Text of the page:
Whatever the case, $51.5 billion in loans collateralized by the most toxic of assets may result in WaMu having to put up more “assets” to keep their line in good standing. Either that or Paulson will just put out a proposal waiving the pay back of all loans to the FHLB until Jan 2009 and all is good!
In all seriousness that this story deserves, an FHLB executive said “when regulators give them word that there are liquidity concerns they go and get specific collateral, actually taking individual notes and having securities moved to the FHLB. They over-collateralize their position in case the market moves against them.” They have a lot of catching up to the market to do, that’s for sure.
Keep in mind, if the FHLB were to seize assets, that would likely shrink WaMu’s line of credit with them, which they claim is part of the current “ready-liquidity.”
Many, including yours truly, have been all over WaMu for their massive portfolio of toxic loans since late 2006 trying to raise red flags in hopes some regulatory agency would understand how ugly it could get when so much of WaMu’s “assets” are tied up in the most toxic mortgage loans ever created.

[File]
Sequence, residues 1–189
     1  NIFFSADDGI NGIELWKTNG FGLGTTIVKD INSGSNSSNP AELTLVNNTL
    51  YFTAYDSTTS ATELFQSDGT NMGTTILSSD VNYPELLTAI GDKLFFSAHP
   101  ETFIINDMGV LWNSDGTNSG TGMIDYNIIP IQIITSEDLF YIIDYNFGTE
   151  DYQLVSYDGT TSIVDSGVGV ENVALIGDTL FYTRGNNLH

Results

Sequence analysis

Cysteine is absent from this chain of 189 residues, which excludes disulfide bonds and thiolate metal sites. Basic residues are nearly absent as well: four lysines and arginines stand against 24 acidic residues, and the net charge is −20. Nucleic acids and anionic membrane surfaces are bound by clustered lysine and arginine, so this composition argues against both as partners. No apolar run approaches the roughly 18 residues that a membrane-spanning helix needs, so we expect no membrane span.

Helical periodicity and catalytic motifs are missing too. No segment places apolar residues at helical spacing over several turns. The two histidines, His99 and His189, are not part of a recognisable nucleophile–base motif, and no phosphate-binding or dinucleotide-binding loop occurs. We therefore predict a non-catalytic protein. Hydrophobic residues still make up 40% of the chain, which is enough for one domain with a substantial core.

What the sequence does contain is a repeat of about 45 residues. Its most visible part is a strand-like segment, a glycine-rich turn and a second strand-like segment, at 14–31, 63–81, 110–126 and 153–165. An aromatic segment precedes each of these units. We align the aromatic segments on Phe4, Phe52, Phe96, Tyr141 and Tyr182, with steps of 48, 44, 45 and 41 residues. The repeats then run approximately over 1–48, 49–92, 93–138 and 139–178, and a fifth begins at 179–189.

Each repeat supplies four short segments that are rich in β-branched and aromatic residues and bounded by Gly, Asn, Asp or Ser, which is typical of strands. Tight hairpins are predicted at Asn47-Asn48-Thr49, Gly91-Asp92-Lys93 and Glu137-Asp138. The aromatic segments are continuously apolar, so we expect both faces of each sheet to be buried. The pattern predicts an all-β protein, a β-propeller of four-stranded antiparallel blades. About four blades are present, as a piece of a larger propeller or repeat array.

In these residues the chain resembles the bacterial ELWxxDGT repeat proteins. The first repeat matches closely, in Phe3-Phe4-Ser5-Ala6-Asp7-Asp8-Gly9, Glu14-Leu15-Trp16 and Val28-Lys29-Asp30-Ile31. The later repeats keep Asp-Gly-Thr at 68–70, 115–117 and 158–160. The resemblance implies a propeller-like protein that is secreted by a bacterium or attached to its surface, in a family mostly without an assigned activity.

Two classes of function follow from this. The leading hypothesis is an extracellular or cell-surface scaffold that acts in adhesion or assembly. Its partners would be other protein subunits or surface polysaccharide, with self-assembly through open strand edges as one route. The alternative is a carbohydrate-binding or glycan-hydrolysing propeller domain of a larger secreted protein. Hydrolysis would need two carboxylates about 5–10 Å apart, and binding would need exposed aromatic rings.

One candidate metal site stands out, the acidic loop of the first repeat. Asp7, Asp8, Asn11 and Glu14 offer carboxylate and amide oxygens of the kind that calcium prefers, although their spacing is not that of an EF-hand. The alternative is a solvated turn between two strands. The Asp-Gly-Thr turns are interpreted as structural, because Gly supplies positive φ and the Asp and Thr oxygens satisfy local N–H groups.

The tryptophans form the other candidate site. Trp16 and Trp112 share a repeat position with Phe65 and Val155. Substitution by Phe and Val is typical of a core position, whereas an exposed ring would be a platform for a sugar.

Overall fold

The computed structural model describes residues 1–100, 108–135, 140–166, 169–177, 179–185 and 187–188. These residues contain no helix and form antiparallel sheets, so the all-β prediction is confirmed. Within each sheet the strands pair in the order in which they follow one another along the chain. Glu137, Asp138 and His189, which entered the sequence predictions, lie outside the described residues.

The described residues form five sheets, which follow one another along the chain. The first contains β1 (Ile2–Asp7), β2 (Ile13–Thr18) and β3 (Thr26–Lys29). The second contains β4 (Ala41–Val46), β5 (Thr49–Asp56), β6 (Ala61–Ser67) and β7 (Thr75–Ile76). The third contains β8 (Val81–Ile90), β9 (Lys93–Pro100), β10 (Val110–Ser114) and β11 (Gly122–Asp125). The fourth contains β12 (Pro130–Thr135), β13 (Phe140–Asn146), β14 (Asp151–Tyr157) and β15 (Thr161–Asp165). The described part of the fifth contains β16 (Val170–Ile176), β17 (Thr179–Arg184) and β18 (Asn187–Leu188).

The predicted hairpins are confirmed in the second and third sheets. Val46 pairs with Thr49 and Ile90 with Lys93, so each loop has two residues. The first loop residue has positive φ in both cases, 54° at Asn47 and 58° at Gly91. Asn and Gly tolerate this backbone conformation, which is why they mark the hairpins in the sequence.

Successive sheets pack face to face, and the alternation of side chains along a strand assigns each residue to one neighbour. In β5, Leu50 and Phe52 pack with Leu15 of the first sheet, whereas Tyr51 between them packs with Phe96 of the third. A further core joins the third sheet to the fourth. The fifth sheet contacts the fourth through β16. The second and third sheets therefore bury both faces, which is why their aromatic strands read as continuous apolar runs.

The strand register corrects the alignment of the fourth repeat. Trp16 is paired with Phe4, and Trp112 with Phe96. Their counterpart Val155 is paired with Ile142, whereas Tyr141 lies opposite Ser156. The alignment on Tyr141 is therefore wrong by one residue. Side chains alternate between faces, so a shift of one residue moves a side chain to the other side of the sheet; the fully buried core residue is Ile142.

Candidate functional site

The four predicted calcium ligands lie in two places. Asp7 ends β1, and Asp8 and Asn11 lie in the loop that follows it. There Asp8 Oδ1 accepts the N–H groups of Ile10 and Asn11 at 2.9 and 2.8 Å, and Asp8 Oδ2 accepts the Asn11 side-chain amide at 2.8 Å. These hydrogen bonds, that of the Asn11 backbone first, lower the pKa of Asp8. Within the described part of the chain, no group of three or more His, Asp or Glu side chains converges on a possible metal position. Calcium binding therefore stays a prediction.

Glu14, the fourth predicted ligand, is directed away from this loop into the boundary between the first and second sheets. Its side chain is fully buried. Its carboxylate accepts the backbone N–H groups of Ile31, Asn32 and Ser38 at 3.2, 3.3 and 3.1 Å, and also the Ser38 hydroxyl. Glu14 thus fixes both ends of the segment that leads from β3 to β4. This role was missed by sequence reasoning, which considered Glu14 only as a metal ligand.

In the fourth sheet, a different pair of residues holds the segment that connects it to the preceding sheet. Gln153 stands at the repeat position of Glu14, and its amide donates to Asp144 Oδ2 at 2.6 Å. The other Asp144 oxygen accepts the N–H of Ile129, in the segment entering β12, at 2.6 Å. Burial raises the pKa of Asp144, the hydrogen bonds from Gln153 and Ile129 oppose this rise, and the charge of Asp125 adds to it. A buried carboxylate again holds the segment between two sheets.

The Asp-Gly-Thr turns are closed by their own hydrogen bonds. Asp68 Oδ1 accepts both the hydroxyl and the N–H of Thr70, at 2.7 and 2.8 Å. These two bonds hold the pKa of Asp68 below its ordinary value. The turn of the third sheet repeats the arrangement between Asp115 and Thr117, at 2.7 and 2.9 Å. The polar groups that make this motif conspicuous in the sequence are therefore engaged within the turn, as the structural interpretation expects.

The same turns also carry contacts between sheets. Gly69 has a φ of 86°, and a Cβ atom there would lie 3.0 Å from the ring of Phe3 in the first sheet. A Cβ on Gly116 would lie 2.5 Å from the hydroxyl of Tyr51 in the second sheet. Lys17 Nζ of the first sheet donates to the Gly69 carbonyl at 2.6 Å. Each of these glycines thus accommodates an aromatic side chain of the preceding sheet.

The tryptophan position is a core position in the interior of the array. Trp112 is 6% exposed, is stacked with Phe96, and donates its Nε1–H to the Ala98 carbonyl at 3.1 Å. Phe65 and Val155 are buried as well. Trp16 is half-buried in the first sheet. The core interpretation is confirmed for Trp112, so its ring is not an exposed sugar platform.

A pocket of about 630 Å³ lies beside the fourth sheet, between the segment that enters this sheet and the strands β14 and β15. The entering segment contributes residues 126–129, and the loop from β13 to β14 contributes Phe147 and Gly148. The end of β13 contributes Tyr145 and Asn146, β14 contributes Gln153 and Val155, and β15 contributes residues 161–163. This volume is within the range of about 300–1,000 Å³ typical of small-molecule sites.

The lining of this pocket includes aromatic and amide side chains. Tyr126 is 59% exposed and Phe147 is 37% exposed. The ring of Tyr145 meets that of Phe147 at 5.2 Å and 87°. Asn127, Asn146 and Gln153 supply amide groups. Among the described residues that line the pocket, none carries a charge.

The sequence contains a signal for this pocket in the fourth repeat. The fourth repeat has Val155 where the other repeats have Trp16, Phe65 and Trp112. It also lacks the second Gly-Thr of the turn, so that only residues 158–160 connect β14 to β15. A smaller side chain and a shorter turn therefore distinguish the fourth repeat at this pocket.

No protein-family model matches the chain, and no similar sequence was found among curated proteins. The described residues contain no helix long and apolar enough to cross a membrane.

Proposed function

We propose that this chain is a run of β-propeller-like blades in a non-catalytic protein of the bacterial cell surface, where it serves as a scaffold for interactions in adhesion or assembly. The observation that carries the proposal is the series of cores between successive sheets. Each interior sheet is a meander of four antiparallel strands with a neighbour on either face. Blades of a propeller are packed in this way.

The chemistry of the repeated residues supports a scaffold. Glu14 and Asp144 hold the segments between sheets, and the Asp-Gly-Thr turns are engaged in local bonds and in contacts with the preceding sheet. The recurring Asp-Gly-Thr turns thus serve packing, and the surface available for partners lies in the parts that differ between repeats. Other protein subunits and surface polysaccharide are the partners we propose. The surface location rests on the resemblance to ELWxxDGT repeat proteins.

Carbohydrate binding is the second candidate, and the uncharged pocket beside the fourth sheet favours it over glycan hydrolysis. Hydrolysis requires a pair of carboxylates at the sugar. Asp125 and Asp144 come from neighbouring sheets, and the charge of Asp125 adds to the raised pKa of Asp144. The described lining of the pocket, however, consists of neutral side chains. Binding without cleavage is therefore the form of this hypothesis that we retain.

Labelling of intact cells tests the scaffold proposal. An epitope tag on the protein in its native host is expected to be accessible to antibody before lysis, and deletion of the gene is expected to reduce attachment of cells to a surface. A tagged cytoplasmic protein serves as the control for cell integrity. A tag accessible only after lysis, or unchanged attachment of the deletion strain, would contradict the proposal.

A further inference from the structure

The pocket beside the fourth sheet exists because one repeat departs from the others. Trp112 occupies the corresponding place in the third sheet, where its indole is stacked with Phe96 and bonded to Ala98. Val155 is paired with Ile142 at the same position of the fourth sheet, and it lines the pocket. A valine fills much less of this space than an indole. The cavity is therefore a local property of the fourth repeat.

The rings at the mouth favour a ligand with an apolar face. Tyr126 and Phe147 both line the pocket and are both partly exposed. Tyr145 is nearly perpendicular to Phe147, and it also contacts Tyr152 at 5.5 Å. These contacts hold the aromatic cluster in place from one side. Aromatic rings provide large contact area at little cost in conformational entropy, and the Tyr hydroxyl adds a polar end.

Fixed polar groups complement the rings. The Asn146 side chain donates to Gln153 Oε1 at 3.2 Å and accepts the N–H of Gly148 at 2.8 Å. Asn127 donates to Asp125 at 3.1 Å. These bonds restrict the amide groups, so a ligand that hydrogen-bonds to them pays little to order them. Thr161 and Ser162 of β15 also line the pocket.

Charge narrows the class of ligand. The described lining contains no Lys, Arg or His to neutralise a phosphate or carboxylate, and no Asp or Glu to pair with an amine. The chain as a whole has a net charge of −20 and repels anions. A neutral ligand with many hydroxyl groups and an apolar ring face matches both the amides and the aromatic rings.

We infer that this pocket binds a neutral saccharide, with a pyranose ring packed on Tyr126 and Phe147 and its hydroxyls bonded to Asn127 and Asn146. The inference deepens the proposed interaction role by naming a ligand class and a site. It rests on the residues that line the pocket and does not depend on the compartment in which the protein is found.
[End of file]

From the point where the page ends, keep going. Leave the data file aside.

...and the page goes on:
In reviewing their balance sheet and loan portfolio, I do not see what the FHLB could seize to get whole. Below are two spreadsheets of WaMu’s world. The first is the consolidated Balance Sheet and the second is their Loan Portfolio breakdown. I have made notes in red on each sheet. Other than their $36.668 billion in cash and cash equivalents (maybe), I don’t see much of their $226.99 billion “assets” secured by real estate that can be easily sold if the FHLB were to seize them.
WaMu Consolidated Balance Sheet Detail
WaMu Loan Portfolio Breakdown
As WaMu tries to make the market feel confident in its liquidity with blanket statements of how it raises capital – persons close to CEO Kerry Killinger say, “In the last two weeks I’d characterize him as being despondent. I think he’s really at a standstill not sure of his next move.”
Best, Mr Mortgage